PURPOSE: Although many factors have been proposed to trigger symptom exacerbations (flares) in patients with interstitial cystitis/bladder pain syndrome and chronic prostatitis/chronic pelvic pain syndrome, few studies have investigated these factors empirically. Therefore, we embedded a case-crossover study in the Multidisciplinary Approach to the Study of Chronic Pelvic Pain longitudinal study to evaluate a range of patient reported triggers. MATERIALS AND METHODS: We assessed exposure to proposed triggers, including diet, physical activities, sedentary behaviors, stress, sexual activities, infection-like symptoms and allergies, by questionnaire a maximum of 3 times when participants reported flares and at 3 randomly selected times. We compared participant preflare to nonflare exposures by conditional logistic regression. RESULTS: In our full analytical sample of 292 participants only 2 factors, including recent sexual activity (OR 1.44, 95% CI 1.06-1.96) and urinary tract infection symptoms (OR 3.39, 95% CI 2.02-5.68), which may overlap with those of flares, were associated with flare onset. On subanalyses restricted to flares with specific suspected triggers additional positive associations were observed for some factors such as certain dietary factors, abdominal muscle exercises, and vaginal infection-like symptoms and fever, but not for other factors (eg stress). CONCLUSIONS: Except for sexual activity our findings suggest that patient reported triggers may be individual or group specific, or they may not contribute to flares. These findings suggest caution in following rigid, global flare prevention strategies and support additional research to develop evidence-based strategies.
Carriere JS, Sturgeon JA, Yakobov E, Kao MC, Mackey SC, Darnall BD. The Impact of Perceived Injustice on Pain-related Outcomes: A Combined Model Examining the Mediating Roles of Pain Acceptance and Anger in a Chronic Pain Sample. Clin. J. Pain. 2018;34(8):739-747.
OBJECTIVE: Perceived injustice (PI) has been identified as an important risk factor for pain-related outcomes. To date, research has shown that pain acceptance and anger are mediators of the association between PI and pain-related outcomes. However, a combined conceptual model that addresses the interrelationships between these variables is currently lacking. Therefore, the current study aimed to examine the potential mediating roles of pain acceptance and anger on the association between PI and adverse pain-related outcomes (physical function, pain intensity, opioid use status). MATERIALS AND METHOD: This cross-sectional study used a sample of 354 patients with chronic pain being treated at a tertiary pain treatment center. Participants completed measures of PI, pain acceptance, anger, physical function, pain intensity, and opioid use status. Mediation analyses were used to examine the impact of pain acceptance and anger on the association between PI and pain-related outcomes. RESULTS: Examination of the specific indirect effects revealed that pain acceptance fully mediated the relationship between PI and physical function, as well as the relationship between PI and opioid use status. Pain acceptance emerged as a partial mediator of the relationship between PI and pain intensity. DISCUSSION: This is the first study to provide a combined conceptual model investigating the mediating roles of pain acceptance and anger on the relationship between PI and pain outcomes. On the basis of our findings, low levels of pain acceptance associated with PI may help explain the association between PI and adverse pain outcomes. Clinical and theoretical implications are discussed.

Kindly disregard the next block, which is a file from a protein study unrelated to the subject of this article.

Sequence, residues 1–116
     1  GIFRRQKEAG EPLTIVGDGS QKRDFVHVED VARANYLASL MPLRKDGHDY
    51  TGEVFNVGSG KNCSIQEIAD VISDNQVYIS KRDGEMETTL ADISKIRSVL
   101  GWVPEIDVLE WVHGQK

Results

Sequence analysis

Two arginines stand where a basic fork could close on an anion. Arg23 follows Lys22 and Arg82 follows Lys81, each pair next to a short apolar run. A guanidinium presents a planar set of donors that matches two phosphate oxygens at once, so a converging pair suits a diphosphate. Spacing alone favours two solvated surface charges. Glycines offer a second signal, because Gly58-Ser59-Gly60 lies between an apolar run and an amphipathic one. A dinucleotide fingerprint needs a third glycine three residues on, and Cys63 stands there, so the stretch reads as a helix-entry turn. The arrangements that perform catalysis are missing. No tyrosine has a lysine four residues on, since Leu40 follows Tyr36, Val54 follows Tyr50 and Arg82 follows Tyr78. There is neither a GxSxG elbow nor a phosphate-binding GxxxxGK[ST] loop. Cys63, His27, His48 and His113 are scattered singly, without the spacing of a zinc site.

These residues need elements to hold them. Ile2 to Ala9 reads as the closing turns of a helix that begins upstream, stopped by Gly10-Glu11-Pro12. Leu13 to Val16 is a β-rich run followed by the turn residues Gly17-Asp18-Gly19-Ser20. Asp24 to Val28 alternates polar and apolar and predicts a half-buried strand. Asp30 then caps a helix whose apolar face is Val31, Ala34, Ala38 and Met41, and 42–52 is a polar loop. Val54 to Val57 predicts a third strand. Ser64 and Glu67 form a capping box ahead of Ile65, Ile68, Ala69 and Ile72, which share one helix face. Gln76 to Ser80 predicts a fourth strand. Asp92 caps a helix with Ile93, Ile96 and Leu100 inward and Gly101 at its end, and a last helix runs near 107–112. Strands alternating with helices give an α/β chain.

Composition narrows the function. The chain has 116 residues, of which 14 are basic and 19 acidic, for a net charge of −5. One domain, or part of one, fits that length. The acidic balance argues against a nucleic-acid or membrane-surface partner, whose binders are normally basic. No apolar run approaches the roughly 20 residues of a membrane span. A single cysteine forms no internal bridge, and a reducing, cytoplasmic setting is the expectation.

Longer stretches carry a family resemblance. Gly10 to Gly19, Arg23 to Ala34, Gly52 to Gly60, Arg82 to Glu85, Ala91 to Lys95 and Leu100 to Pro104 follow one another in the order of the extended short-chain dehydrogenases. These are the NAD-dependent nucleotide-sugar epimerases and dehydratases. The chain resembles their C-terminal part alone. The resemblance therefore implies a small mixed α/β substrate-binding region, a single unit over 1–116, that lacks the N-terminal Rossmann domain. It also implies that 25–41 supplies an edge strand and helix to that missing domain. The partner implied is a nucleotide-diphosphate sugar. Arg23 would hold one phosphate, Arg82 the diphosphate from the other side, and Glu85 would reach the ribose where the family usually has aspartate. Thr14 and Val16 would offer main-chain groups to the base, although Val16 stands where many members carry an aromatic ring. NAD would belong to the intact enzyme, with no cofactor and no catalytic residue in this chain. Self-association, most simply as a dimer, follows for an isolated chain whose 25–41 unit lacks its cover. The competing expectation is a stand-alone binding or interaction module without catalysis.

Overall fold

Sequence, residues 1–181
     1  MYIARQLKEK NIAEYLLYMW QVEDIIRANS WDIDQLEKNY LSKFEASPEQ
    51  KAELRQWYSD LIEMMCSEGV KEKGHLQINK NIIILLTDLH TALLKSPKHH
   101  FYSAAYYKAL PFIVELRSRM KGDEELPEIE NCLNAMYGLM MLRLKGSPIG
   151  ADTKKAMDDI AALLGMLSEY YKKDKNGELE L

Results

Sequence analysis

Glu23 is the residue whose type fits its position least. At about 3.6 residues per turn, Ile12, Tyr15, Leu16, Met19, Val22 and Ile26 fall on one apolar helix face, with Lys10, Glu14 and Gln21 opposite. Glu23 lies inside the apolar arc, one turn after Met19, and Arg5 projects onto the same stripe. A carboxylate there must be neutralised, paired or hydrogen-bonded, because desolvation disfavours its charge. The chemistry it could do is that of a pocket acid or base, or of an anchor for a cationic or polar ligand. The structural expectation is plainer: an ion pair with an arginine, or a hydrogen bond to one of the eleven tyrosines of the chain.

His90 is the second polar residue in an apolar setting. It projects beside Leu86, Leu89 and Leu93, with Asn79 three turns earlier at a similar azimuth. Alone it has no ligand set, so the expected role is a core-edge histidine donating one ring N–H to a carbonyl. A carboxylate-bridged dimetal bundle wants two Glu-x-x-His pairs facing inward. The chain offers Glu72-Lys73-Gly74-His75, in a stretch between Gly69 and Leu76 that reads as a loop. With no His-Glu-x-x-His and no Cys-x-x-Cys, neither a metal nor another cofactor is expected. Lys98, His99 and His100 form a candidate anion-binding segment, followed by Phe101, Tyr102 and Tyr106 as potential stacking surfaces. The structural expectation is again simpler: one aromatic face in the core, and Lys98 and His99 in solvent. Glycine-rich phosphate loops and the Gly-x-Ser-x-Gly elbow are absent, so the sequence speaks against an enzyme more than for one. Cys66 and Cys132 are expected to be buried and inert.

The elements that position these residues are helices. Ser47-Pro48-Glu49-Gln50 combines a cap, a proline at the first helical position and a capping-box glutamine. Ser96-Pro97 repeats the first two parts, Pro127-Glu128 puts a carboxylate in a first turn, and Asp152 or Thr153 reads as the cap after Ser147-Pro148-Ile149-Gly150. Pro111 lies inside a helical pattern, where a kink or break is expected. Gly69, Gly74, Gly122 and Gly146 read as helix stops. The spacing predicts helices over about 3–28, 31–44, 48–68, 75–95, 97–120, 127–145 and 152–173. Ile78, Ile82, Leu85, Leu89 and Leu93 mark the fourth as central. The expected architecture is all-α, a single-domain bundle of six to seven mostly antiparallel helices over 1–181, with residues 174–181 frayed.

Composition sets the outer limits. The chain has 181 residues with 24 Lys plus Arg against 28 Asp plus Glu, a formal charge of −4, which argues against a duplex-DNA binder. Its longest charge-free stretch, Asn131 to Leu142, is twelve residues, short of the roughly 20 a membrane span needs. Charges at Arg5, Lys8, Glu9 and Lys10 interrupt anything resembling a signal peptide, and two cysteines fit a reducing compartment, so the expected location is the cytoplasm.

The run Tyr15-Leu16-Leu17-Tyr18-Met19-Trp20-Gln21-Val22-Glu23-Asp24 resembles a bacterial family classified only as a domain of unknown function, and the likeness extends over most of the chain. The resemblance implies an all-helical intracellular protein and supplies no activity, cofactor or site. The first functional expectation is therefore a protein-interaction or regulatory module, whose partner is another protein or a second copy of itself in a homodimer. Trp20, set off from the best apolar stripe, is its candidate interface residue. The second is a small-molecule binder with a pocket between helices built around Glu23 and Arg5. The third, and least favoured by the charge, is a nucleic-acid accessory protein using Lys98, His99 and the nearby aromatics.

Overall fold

Darnall BD, Ziadni MS, Roy A, et al. Comparative Efficacy and Mechanisms of a Single-Session Pain Psychology Class in Chronic Low Back Pain: Study Protocol for a Randomized Controlled Trial. Trials. 2018;19(1):165.
BACKGROUND: The Institute of Medicine (IOM) reported that chronic pain affects about 100 million U.S. adults, with chronic low back pain (CLBP) cited as the most prevalent type. Pain catastrophizing is a psychological construct shown to predict the development and trajectory of chronic pain and patient response to pain treatments. While effective treatment for pain catastrophizing typically includes eight-session groups of cognitive behavioral therapy (CBT), a single-session targeted treatment class yielded promising results which, if replicated and extended, could prove to efficiently and cost-effectively reduce pain catastrophizing. In this trial, we seek to determine the comparative efficacy of this novel single-session pain catastrophizing class to an eight-session course of pain CBT and a single-session back pain health education class. We will also explore the psychosocial mechanisms and outcomes of pain catastrophizing treatment. METHODS: In this trial we will randomize 231 individuals with CLBP to one of three treatment arms: (1) pain-CBT (eight weekly 2-h group sessions with home exercises and readings); (2) a single 2-h pain catastrophizing class; or (3) a single 2-h back pain health education class (active control). For the primary outcome of pain catastrophizing, the trial is designed as a non-inferiority test between pain-CBT and the single-session pain catastrophizing class, and as a superiority test between the single-session pain catastrophizing class and the health education class. Team researchers masked to treatment assignment will assess outcomes up to six months post treatment. DISCUSSION: If the single-session targeted pain catastrophizing class is found to be an effective treatment for patients with CLBP, this low cost and low burden treatment could dismantle many of the current barriers and burdens of effective pain care. Further, elucidation of the mechanisms of pain catastrophizing treatments will facilitate future research on the topic as well as further development and refinement of treatments. TRIAL REGISTRATION: ClinicalTrials.gov, NCT03167086 . Registered on 22 May 2017.